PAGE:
Roman Law's Influence on Public Law and the State
This collection of eleven distinguished essays explores the revival of Roman law and its subsequent influence on the development of public law and early modern theories of the state.
"This very fine book deserves to be judged as something more than a mere collection of scattered essays. There is an impressive unity of thought and argument running through all the various studies, and together they form a coherent and extremely valuable contribution to a recent movement of thought that has been reshaping our understanding of the principles on which medieval government was based."--Brian Tierney, Harvard Law Review 78 (1964-1965):1502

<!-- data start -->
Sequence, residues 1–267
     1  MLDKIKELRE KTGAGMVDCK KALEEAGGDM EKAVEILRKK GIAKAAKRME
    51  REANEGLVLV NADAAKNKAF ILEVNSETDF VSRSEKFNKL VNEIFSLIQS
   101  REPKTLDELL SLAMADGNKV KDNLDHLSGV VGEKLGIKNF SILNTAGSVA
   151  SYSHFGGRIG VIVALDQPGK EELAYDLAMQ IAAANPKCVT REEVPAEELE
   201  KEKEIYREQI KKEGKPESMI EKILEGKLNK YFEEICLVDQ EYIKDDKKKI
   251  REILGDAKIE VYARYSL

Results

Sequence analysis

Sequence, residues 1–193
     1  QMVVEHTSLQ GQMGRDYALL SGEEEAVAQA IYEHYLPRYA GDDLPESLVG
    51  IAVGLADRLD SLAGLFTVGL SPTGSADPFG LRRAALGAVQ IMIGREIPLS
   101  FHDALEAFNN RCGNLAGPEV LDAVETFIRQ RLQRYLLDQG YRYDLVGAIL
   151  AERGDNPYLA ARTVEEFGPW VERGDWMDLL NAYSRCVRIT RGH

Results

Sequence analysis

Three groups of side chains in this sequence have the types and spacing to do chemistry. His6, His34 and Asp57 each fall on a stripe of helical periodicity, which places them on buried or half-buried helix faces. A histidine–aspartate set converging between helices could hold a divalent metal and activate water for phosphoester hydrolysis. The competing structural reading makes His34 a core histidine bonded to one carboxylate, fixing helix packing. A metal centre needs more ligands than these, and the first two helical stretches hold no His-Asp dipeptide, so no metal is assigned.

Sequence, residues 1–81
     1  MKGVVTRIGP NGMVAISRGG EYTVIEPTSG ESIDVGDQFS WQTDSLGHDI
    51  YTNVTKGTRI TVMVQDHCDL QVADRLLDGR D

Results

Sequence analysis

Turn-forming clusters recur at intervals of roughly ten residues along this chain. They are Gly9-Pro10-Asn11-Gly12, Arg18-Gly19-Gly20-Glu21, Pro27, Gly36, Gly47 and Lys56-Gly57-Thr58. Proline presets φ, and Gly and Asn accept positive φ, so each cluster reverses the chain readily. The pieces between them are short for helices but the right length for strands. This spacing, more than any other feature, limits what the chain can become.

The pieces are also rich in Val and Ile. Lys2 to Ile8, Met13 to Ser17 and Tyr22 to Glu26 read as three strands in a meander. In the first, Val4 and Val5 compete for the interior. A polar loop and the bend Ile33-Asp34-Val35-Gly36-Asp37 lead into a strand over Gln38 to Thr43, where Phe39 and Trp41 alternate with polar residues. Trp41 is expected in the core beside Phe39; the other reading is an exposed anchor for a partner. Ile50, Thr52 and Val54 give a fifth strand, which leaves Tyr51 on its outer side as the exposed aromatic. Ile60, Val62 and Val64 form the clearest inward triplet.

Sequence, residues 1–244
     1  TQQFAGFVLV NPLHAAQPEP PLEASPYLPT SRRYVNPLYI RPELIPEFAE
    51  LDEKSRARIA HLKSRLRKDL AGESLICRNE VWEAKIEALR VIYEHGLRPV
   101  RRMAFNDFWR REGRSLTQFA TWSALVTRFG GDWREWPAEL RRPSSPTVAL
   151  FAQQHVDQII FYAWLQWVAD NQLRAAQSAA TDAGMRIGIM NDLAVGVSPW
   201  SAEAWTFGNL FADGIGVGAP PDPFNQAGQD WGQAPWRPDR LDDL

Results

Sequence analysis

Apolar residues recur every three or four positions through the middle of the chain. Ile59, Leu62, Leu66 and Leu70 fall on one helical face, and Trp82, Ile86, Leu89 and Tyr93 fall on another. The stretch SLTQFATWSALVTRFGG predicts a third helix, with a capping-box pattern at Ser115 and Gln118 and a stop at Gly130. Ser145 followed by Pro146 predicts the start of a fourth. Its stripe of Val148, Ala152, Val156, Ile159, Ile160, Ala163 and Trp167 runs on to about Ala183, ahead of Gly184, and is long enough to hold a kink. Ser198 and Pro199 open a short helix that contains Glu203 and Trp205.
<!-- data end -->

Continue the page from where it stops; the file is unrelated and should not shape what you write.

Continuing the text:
GAINES POST [1902-1987] received an M.A. in 1925 and Ph.D. in 1931 at Harvard University. He researched medieval history and culture at the Ecole de Chartres in France from 1927-1928 and also conducted research in Italy, Germany, and England. Post was a member of the Department of History at the University of Wisconsin, Madison, from 1935 to 1941, a lecturer at the Riccoboro Seminar in 1947, and a lecturer at the Medieval Institute at the University of Notre Dame. Some of his many accomplishments include a Fulbright research award to France in 1951-1952, two Guggenheim Fellowships (1939-1940 and 1955-1956) and an honorary fellowship in the American Society for Legal History. While an instructor at Princeton University from 1959-1960 he was the chairman of the Institute of Research and Study in Medieval Canon Law. In 1954 he accepted a faculty position at Princeton University, where he remained until his retirement in 1970.